Under the ranked-choice system, voters would rank candidates in order of preference. If no one had more than 50 percent of the vote after the first count, the candidate with the fewest votes would be eliminated. Voters who chose the eliminated candidate would have their ballots added to the totals of their second-ranked candidates, and the ballots would be retabulated. The process would continue until one candidate had a clear majority and was declared the winner.

Monday the committee also heard from Maine Deputy Secretary of State Julie Flynn, who said without legislation, the state would not have either the funds or the rule-making authority to implement ranked-choice voting by June.

And while about 90 percent of Maine voters used voting machines that could be reprogrammed to count ranked ballots, more that 240 of about 500 towns do not have the equipment and count ballots by hand.

State Sen. Garrett Mason, R-Lisbon, co-chairman of the committee, said he supports an outright repeal of the law based on a memo from Flynn that spelled out the Secretary of State’s Office’s concerns about implementing it.

Mason and other opponents believe, based on the court’s advisory ruling, that the law would be ruled unconstitutional if formally challenged, which could throw the 2018 election into chaos.

“I don’t care what side you are on on this issue. It ought to give you pause about implementing this law right away,” Mason said, adding that he would oppose the bill to partially implement the law. “I believe that doing two or three different voting ballots for an election is not orderly and it is not the right way to go about business at the ballot box.”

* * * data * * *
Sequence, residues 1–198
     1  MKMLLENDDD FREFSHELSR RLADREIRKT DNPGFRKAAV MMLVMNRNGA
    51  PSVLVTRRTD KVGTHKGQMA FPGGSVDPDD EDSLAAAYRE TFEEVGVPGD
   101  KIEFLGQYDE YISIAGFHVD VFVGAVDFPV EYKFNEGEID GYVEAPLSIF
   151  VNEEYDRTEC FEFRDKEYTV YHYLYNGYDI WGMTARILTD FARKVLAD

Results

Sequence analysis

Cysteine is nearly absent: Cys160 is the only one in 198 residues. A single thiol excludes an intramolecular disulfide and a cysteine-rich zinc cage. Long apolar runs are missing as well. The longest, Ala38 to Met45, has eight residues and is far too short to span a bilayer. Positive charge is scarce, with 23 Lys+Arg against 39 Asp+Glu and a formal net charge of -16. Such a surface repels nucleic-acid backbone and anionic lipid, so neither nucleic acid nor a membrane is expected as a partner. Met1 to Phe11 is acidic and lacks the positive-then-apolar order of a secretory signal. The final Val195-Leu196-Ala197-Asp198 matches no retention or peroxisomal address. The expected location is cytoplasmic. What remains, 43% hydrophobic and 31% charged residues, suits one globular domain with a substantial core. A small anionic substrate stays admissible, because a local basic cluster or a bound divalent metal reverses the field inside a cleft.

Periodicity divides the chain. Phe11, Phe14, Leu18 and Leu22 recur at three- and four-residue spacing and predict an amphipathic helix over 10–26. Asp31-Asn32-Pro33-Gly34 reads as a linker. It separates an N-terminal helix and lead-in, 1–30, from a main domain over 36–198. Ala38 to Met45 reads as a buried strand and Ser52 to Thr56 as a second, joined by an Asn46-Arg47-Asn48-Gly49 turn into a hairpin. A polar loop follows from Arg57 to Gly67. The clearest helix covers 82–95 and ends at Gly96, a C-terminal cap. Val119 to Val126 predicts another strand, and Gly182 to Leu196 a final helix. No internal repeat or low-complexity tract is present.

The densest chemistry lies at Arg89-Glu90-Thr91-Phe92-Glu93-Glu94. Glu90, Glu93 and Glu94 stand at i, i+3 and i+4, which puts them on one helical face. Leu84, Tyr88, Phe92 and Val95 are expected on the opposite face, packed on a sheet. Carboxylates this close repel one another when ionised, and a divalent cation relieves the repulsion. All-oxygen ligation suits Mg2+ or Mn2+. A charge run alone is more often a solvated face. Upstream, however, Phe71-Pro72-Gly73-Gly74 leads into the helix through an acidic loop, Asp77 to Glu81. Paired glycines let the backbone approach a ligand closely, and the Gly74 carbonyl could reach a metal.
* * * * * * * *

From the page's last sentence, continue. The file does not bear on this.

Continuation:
But others said the high court’s opinion in May was purely advisory and does not carry the weight of a formal ruling.

“The bill that the people passed at the ballot box is not unconstitutional, let me say that again, it is not unconstitutional because a court of competent jurisdiction has not ruled it to be such – so for me the debate about whether or not ranked-choice voting is good or bad was settled at the ballot box last November,” said state Rep. Craig Hickman, D-Winthrop. Hickman said if lawmakers believe the law requires a constitutional amendment it is their responsibility to give voters a chance to do that.

Under the state’s constitution, amendments are instituted by a two-thirds vote of the Legislature but they must be ratified by statewide vote in a November general election.

Other lawmakers, including the committee’s House co-chairman, Rep. Louie Luchini, D-Ellsworth, said they favor delaying implementation of the law so the Secretary of State’s Office has time to study how to fund and implement it.

Without two-thirds support in the Legislature for sending a constitutional amendment to voters, and without enough votes to overcome a likely veto by Gov. Paul LePage of a partial implementation law, Luchini said, delay, “is the political reality of something we can do to get (it) passed.”

Otherwise it will be in the court’s hands, Luchini said. “Leaving it up to the courts, in my view, is not responsible. It could be months after November before we know who the governor is.”

Scott Thistle can be contacted at 713-6720 or at: